What has been the best part of working with the festival committee for nearly a quarter of a century? Angel doesn’t hesitate.
“The people… Being the longest sitting chair, I’ve seen lots of people come and go. I’ve worked with all different kinds of people and have made great friends with members of the committee. And by that, I mean, lifetime friends. These are people I will see long after I’ve left the committee.”
The biggest headache?
“Worrying about raising the money… All of the money is plowed back immediately into the festival. So, every time, you’re starting all over again. You’re booking acts, and then going to look for the money to pay for them… not the other way around.”
Another frustrating area for the committee Angel said always has been bringing in rides. Angel said bigger ride contractors don’t necessarily like coming to Portsmouth on a holiday weekend when they can find bigger crowds, meaning bigger money, elsewhere.
Over the years, Angel did not have much directly to do with running the River Days parade or the River Days pageant, certainly two of the bigger parts of the festival. Instead, Angel said the two heads of those committees essentially run those shows, so to speak.
“And there are a lot of moving parts to both of those.”
Angel added there is absolutely no truth to rumors the parade and the pageant are about to disappear from the yearly festival because of a lack of coordinators at the top.
What made Angel decide now is the time to move on?
Although just a few months ago he changed the direction of his day-to-day career, taking over as vice president of Hill View Rtirement Center where he eventually will become president and CEO, Angel stated it’s time for him to start slowing down a bit. He said “ironically,” he was born the same year as the festival, 57 years ago.
Angel previously was a professor of healthcare administration at Shawnee State University, a position from which he is now retired. He remains a local entrepreneur, running and owning Patsy’s Inn and Jet’s Gourmet Popcorn, named for his adopted son. He is further involved in his church and the community in numerous other capacities. Again, returning to the festival, Angel said now just seemed the time for him to step away.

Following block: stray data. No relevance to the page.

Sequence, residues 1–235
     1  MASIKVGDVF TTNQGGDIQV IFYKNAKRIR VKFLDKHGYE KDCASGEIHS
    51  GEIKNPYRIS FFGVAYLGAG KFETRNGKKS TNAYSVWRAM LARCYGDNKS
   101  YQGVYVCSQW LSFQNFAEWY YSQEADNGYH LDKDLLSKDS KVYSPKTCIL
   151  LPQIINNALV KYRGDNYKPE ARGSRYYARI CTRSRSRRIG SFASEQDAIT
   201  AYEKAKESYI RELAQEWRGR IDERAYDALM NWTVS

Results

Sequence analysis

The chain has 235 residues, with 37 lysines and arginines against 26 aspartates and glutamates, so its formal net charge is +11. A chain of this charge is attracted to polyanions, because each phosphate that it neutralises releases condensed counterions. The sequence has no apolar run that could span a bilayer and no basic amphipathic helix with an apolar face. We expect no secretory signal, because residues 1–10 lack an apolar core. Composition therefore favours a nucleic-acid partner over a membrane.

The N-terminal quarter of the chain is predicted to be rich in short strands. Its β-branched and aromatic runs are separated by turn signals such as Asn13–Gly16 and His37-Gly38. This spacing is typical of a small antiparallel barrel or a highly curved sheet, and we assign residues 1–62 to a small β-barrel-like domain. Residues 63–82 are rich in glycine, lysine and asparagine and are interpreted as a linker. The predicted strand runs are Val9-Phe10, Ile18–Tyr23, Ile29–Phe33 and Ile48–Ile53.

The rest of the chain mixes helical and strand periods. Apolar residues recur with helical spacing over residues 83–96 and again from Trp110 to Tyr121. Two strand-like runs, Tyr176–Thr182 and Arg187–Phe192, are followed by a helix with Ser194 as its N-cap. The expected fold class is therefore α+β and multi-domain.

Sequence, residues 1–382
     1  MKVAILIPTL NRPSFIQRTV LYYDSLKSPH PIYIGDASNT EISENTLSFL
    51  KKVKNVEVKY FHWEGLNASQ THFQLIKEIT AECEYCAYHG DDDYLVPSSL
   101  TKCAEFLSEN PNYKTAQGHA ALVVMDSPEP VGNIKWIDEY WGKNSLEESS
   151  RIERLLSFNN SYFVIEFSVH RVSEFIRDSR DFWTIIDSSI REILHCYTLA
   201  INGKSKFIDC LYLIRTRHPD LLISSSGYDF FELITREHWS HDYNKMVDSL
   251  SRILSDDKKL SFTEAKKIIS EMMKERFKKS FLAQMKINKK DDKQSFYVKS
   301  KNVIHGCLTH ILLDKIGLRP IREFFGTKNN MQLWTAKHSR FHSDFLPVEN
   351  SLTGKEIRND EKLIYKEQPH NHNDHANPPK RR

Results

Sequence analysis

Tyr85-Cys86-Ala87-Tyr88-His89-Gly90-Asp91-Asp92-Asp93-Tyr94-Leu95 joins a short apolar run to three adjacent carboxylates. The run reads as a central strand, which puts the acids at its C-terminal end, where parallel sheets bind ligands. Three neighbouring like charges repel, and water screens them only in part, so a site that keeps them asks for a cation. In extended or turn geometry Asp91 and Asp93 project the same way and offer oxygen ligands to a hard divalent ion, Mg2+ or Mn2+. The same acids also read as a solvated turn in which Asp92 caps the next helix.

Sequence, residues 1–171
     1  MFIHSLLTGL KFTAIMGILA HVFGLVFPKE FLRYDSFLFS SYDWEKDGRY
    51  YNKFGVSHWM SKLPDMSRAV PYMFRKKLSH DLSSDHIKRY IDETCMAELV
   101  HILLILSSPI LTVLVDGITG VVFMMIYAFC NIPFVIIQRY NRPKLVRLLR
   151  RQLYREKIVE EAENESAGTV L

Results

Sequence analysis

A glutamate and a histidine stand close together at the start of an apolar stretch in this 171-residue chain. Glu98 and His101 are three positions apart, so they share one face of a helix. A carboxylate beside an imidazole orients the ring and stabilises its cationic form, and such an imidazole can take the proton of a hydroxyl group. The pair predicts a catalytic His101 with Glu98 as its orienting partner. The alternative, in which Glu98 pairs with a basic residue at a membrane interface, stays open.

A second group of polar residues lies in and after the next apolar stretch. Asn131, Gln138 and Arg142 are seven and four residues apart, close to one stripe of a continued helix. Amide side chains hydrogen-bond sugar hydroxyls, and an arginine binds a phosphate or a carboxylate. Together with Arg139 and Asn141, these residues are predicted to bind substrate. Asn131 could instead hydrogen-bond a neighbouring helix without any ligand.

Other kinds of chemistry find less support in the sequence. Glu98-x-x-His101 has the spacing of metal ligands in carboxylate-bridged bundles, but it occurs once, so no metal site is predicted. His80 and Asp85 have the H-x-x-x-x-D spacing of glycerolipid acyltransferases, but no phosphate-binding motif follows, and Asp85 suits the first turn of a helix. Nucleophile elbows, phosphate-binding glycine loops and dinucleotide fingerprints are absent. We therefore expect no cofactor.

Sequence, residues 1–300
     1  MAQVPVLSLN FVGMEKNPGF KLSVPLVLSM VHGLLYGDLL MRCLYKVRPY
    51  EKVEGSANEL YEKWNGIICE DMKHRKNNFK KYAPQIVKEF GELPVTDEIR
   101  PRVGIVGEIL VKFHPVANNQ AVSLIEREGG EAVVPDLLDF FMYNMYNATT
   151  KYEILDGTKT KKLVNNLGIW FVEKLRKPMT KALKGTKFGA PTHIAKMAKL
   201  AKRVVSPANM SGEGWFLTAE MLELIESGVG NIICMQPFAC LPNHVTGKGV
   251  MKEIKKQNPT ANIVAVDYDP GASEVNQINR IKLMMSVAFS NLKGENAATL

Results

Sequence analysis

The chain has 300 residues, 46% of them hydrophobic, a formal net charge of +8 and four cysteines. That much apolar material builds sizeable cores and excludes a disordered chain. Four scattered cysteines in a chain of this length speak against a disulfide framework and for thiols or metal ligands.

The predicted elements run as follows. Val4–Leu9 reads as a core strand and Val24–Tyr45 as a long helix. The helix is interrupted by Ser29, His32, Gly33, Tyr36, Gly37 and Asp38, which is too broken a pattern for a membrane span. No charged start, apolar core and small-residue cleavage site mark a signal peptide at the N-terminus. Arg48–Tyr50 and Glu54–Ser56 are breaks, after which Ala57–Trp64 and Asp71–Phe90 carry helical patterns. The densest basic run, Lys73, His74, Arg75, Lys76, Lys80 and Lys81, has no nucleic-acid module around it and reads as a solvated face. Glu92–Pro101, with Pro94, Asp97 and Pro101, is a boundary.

“Sometimes you’ve got to have new ideas. It’s time for somebody else to do it.”
Angel had nothing but praise for the still burgeoning community group Friends of Portsmouth, whom the River Days committee invited to help share in running the festival this year and who Angel sees as having a big part in future River Days. No one is paid for their participation with the festival committee.
“The people who have done this did so for the love of the community.”
Angel added a belief the Friends group acts with the same motivations. And although the committee is about to lose Angel and at least two other long-standing members, there still will be plenty of old guard on hand to help guide the new folks forward.
As for Angel, he is proud and happy regarding his many years with River Days.
“It’s been a nice long run. I have absolutely no regrets.”
Reach Tom Corrigan at (740) 370-0715. © 2019 Portsmouth Daily Times, all rights reserved.